Twenty years later, he has left his country and settled in faraway Sweden with his wife and three children, but the horrors of the war there continue to haunt him.
“What happened to me was very painful. It impacted my personal relationships when I left Iraq,” Salah told CNN, adding that he felt like he was in a prison of his own mind. “I didn’t want to see my baby or anyone else and I isolated myself. It took me a long time to stop having nightmares.”
Two decades after the start of the US-led war in the country, Iraqis say that while some of the physical wounds may have healed over time, the psychological trauma from the conflict and its aftermath persists to this day.
On March 20, 2003, US President George W. Bush announced the beginning of the invasion of Iraq under the pretext of disarming it from weapons of mass destruction, a claim that was later debunked.
The invasion of Iraq evolved into an eight-year occupation with American military bases, checkpoints and soldiers dotted all over the country. It was followed by a civil war and a brutal Islamist insurgency that saw Iraq overwhelmed by sectarian violence and communal divisions.
For Salah and his family, the scars of imprisonment are felt to this day, both physically and mentally.
He was stripped naked several times, deprived of food, beaten, taunted by dogs and kept in solitary confinement, he told CNN.
Seeking professional mental health treatment is less common in Arab countries than in Western societies due to a social stigma. That’s why Salah didn’t consult a psychiatrist, he said. Instead, he sought comfort from his family, but it wasn’t always easy.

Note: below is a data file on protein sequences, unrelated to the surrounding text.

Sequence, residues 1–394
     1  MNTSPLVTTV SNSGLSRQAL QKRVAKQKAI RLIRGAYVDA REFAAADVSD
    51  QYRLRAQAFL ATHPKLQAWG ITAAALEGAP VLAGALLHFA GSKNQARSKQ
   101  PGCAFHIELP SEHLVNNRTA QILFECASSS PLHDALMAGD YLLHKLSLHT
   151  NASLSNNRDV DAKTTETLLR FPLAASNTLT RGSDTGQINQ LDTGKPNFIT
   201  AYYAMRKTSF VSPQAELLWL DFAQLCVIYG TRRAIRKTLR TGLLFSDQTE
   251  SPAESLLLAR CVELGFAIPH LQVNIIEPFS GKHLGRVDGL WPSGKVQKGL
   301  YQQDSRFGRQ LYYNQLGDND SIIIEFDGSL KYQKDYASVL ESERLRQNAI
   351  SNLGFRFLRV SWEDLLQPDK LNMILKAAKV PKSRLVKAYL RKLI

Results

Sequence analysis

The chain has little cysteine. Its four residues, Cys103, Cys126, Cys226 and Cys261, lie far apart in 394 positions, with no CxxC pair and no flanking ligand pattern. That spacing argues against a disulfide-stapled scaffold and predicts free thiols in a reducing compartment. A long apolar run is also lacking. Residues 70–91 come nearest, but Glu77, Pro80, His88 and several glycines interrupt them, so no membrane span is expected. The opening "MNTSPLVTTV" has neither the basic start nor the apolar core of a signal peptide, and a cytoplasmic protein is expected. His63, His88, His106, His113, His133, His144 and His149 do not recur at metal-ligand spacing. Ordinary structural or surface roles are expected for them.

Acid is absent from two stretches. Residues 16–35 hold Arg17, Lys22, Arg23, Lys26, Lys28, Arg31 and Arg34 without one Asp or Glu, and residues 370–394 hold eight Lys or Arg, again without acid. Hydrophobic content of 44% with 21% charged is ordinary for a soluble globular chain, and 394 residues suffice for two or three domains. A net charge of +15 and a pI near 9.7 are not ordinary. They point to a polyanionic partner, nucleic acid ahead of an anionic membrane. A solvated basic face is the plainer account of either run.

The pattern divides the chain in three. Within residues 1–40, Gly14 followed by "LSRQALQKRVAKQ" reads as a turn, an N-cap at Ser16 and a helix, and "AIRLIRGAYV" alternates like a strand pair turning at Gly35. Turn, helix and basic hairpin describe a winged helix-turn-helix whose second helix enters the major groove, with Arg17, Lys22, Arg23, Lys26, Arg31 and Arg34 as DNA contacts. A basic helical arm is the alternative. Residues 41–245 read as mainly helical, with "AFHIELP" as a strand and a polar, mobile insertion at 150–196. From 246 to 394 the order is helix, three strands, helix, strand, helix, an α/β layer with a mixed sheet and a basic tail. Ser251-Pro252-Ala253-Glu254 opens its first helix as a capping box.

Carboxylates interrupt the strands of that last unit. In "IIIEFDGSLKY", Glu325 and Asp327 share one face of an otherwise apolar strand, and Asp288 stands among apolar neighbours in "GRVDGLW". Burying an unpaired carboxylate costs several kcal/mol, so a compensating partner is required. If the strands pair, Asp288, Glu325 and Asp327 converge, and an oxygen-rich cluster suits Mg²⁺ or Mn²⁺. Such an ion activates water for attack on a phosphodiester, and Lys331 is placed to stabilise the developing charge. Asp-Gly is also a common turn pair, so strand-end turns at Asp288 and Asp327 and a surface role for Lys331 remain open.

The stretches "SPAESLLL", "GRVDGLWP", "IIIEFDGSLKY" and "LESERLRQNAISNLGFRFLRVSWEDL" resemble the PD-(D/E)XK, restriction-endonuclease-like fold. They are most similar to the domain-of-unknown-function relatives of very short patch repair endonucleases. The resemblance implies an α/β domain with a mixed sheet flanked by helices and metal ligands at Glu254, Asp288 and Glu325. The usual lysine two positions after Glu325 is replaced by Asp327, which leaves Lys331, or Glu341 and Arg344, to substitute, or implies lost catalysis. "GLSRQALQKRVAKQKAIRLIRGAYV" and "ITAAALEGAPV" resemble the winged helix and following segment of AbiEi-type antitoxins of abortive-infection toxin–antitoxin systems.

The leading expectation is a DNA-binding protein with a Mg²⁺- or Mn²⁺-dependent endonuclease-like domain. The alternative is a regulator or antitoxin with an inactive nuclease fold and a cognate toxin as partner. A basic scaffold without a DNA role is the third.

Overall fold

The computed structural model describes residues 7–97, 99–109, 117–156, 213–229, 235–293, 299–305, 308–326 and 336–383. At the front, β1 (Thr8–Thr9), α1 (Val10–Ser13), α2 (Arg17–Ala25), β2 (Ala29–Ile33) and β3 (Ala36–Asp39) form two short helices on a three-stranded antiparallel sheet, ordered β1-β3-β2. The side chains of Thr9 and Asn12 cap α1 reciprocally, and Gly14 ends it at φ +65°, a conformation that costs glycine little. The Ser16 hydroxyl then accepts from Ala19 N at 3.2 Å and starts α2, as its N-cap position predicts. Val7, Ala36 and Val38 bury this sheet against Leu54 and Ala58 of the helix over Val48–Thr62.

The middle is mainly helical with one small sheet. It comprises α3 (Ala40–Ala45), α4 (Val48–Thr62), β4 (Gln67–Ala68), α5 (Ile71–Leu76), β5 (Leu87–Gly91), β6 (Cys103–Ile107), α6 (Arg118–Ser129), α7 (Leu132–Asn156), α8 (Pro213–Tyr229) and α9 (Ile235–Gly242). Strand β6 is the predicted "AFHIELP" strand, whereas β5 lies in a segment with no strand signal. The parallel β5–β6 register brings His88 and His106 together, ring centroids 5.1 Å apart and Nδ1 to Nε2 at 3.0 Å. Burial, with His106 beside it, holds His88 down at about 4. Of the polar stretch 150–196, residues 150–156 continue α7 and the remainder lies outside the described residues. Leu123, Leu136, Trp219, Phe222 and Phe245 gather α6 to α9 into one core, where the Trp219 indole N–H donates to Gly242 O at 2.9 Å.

“You know, in Iraq, we have this culture of not talking to a doctor or a psychiatrist. We don’t even think about it,” he told CNN. “I needed to get out of this circle of fear and anxiety and move forward. At home things were difficult during the first few years with my wife – she became like an alien to me.”
Salah was working as a journalist with the Qatar-based news channel Al Jazeera in Diyala, northeastern Iraq when US forces detained him.
He was never charged with a crime, according to Katherine Gallagher, a lawyer from the US-based Center for Constitutional Rights representing him in a 2008 lawsuit against a US government military contractor that was responsible for the interrogations in Abu Ghraib.
In the years that followed the invasion and the toppling of Saddam Hussein’s government, over 20,000 Iraqi prisoners of war were detained by US army officials.
Approximately 120,000 civilians were killed between the US military invasion and withdrawal, according to Iraq Body Count, an online database that tracks official statements, reports from hospitals and non-governmental organizations to document casualties from the Iraq war.
The Abu Ghraib prison scandal shook the world when it was exposed in 2004. Images of naked, leashed prisoners piled on top of each other in fetal positions as American soldiers smiled at the camera came to define the brutality of the war for many Iraqis.
“They would put a black bag over my head and force me to take my clothes off. They would leave me naked in my cell for days,” Salah said.